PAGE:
NEW YORK — According to a top IBM technologist, the future of cloud computing depends on 3D chip stacks and new kinds of accelerators for functions like security, as the industry faces processor shrinkage slowing down while processor integration increases.
Bernie Meyerson, IBM fellow and vice president of innovation, said in an interview with EE Times that traditional CMOS scaling for ever-faster microprocessor designs are a thing of the past:
The clock frequencies are pretty much stopped. The era of the microprocessor itself is now over. That’s not a bad thing if it means that there are a lot of other things you can do, such as tremendous 3D integration. You have to figure out how to get your data across to the processor.
Meyerson reiterated the importance of 3D packaging:
The other thing is, you’ll see a lot of work on accelerated processors. FPGAs and GPUs can be used to offload tasks that work inefficiently on a microprocessor. There’s a whole host of things, but they have to do with integration. There’s a paradigm shift to a whole lot of things that were never especially important in the past.
To him, 3D stacking is clearly the Next Big Thing. Instead of the continuation of Moore’s law, engineers will increasingly look to a different sort of packaging. Meyerson believes that density can be achieved by combining multiple functions. "It’ll look like a single chip, but it will be about 50 chips stacked one on top of the other.”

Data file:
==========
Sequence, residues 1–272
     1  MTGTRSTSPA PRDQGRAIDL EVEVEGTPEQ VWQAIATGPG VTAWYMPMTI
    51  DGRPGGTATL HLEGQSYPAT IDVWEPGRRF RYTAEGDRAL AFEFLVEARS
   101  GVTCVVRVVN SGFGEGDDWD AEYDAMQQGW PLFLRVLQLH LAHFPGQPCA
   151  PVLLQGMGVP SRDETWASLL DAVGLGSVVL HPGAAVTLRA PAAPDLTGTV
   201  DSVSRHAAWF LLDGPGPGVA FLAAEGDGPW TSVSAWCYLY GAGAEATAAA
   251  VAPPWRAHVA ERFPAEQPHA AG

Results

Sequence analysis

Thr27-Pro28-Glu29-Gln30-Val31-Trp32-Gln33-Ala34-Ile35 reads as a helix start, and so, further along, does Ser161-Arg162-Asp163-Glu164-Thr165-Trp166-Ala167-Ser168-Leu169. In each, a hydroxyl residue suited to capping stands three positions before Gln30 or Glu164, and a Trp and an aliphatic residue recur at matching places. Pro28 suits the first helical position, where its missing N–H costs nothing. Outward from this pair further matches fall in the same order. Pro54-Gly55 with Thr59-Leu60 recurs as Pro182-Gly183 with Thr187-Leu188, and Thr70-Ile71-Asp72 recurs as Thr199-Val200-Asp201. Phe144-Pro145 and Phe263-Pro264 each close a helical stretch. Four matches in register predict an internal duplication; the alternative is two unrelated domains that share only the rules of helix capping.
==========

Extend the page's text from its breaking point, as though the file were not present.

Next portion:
Meyerson believes in the importance of solid-state devices in storage in servers. “Ultimately, we’ll hopefully start to see things like storage class memory. We’ll actually be able to integrate this, but it will be at the same clutch time as external storage.”
Security at all levels
The other major shift Meyerson underscored was towards more integrated security on servers:
Cloud security and other elements will be dramatically upgraded. Systems don’t have it on the inside. There will be elements of the server that, in and of themselves, add dramatically to the security of that system. Hackers are going to get smarter, and the systems will also have to get smarter at what you might call self-defense.
IBM's Bernie Meyerson.
Meyerson pointed to the need for security at all levels, including the high end, which IBM’s servers are known for offering.
If you shut down for even a few moments your losses can be catastrophic. The inherent security of our capabilities is important. You have to offer more than just what I call "Here’s a server, good luck to you." The impact of outage and the impact of breach becomes extraordinarily problematic. We run many of the world’s banking systems. People are putting important stuff in the cloud.